The “sanctuary campus” movement is popular with students, professors and some college leaders.
Only one problem: It won’t help the vast majority of students who are in the country illegally.
RealClearPolitics reports that most of the campuses that have adopted the “sanctuary” designation are private, meaning they don’t face the threat of losing state funding.
For the country’s undocumented students – over 90 percent of whom attend public institutions – these new havens would do little good.
Alabama and Texas lawmakers have introduced bills to strip funding from public institutions that take the sanctuary step, and a Georgia bill would even target private schools – leading Emory University to drop its consideration of becoming a sanctuary:
Emory President Claire Sterk’s statement regarding the decision read, in part: “Declaring ourselves a sanctuary campus, which has potent symbolism, could have the collateral effect of reducing funding for teaching, education and research, directly harming our students, patients and the beneficiaries of our research.”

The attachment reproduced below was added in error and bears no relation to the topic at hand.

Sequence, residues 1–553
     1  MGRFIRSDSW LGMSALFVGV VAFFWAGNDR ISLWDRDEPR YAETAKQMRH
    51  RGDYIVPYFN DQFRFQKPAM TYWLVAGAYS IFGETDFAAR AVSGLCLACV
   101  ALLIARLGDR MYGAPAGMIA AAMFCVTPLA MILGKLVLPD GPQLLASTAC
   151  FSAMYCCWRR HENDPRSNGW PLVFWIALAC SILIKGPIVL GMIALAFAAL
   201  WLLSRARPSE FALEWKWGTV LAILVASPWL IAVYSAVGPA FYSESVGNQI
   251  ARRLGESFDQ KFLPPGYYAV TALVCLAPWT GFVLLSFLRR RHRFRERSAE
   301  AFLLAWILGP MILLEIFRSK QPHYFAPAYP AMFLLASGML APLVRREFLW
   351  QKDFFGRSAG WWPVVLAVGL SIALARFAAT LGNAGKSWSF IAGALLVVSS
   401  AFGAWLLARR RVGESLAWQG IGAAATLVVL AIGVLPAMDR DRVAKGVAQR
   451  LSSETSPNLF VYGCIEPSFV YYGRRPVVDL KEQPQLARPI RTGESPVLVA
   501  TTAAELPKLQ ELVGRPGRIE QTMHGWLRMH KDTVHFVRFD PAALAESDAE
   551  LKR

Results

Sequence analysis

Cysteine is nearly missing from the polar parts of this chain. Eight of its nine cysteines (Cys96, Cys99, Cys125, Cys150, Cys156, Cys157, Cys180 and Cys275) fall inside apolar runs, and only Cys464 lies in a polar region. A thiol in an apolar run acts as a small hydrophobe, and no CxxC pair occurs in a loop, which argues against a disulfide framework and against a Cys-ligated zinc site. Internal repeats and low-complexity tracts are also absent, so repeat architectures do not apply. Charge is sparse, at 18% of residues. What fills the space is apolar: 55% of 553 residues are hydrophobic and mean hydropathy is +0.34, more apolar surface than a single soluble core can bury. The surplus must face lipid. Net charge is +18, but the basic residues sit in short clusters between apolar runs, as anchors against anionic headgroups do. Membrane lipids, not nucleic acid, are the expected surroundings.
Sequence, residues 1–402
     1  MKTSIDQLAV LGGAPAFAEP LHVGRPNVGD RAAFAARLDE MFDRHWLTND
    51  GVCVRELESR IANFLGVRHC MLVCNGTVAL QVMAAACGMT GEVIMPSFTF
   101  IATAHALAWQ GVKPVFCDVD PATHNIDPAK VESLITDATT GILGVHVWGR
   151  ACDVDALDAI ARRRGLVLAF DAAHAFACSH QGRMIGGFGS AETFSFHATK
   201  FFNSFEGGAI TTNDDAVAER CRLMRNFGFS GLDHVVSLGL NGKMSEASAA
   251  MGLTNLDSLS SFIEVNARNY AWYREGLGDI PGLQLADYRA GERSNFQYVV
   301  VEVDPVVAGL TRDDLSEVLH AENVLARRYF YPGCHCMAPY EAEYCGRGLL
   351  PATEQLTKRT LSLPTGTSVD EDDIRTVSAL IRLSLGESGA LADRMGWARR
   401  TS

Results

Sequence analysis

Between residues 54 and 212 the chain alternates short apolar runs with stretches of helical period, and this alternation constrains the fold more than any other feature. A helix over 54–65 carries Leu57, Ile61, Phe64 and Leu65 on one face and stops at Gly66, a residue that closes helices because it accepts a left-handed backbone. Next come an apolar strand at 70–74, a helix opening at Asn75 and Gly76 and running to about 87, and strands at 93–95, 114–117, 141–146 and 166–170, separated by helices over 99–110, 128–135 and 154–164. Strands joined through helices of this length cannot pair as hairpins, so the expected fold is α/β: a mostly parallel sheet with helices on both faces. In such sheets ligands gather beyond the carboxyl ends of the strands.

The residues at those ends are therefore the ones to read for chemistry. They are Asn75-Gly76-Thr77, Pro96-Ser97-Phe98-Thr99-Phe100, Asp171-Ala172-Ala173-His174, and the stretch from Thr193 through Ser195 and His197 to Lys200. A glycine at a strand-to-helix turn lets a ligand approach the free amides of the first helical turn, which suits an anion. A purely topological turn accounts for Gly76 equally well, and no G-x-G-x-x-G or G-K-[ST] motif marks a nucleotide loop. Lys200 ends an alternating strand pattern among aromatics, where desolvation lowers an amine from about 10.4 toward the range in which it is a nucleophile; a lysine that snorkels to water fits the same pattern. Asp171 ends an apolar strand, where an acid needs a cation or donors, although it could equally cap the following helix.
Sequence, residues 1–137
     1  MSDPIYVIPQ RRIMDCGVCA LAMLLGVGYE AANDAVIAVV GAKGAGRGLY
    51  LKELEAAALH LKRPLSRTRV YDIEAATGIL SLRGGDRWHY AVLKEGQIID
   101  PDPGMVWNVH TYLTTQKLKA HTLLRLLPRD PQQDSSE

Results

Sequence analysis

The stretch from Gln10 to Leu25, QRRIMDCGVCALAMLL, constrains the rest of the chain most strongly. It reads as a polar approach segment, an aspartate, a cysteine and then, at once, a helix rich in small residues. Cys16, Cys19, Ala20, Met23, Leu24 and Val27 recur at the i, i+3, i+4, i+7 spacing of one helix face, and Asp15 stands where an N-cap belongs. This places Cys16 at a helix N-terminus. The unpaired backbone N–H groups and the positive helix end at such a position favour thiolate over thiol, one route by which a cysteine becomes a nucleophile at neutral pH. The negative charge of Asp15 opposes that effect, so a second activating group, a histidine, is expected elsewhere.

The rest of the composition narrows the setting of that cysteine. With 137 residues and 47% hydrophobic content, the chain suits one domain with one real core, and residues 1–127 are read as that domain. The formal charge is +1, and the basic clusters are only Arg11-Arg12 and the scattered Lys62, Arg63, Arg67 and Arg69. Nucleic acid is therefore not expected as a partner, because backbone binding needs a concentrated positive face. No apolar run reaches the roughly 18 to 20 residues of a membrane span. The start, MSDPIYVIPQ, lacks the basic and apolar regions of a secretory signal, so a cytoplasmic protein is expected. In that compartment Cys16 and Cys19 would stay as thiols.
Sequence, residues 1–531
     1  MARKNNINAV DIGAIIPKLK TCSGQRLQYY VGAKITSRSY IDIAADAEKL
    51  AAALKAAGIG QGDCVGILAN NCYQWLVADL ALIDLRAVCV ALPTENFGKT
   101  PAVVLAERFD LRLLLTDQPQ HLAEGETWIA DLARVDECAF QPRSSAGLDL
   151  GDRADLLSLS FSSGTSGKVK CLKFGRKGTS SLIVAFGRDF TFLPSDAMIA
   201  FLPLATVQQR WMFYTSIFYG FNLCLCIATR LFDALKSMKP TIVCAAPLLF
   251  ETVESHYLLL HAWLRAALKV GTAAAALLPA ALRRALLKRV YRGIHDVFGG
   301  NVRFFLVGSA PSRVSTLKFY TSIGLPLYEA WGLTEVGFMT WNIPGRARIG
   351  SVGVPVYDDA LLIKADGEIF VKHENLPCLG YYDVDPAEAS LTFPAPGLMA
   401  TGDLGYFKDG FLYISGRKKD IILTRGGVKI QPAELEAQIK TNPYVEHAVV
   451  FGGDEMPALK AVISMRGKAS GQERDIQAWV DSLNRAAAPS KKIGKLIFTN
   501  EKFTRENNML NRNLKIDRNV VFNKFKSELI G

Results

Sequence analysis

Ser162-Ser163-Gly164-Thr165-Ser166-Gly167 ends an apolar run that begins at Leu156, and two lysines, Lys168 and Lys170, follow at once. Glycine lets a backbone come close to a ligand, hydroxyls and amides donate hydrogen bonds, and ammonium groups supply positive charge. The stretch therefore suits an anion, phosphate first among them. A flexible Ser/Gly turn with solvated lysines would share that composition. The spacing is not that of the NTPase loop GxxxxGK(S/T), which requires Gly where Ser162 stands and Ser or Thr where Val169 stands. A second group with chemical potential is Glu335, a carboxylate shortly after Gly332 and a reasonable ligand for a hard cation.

The American Council on Education says even federal funding could be at risk if Immigration and Customs Enforcement agents come to campus to track down illegals:
Public universities cannot reasonably bar law enforcement from their grounds. The same may hold true for private institutions, [General Counsel Peter] McDonough noted, explaining that the “time, place and manner” restrictions under the First Amendment stipulate that the public is invited to privately owned spaces. …
Simply put, McDonough continued, “many campus spaces are open to the public. A private university like Georgetown couldn’t simultaneously have public spaces, and then not allow ICE on them.”
Wesleyan University President Michael Roth, who has embraced the legally meaningless “sanctuary” label, says the messaging is more important than delivering on the school’s promise that it will shield illegals:
“What is important is that mass deportation has no legal standing. We must say mass deportation is illegal again, and again, and again. It does not involve the due process of law and in fact would depend on extra and likely illegal actions by law enforcement.”
Roth asserted that by declaring sanctuary status, colleges are in fact asking that the federal government be held accountable to rules already in place, as many of the protections listed in sanctuary declarations are currently covered under student privacy laws.
He says Wesleyan would take the government to court if it tried to penalize the school for refusing to comply with immigration agents.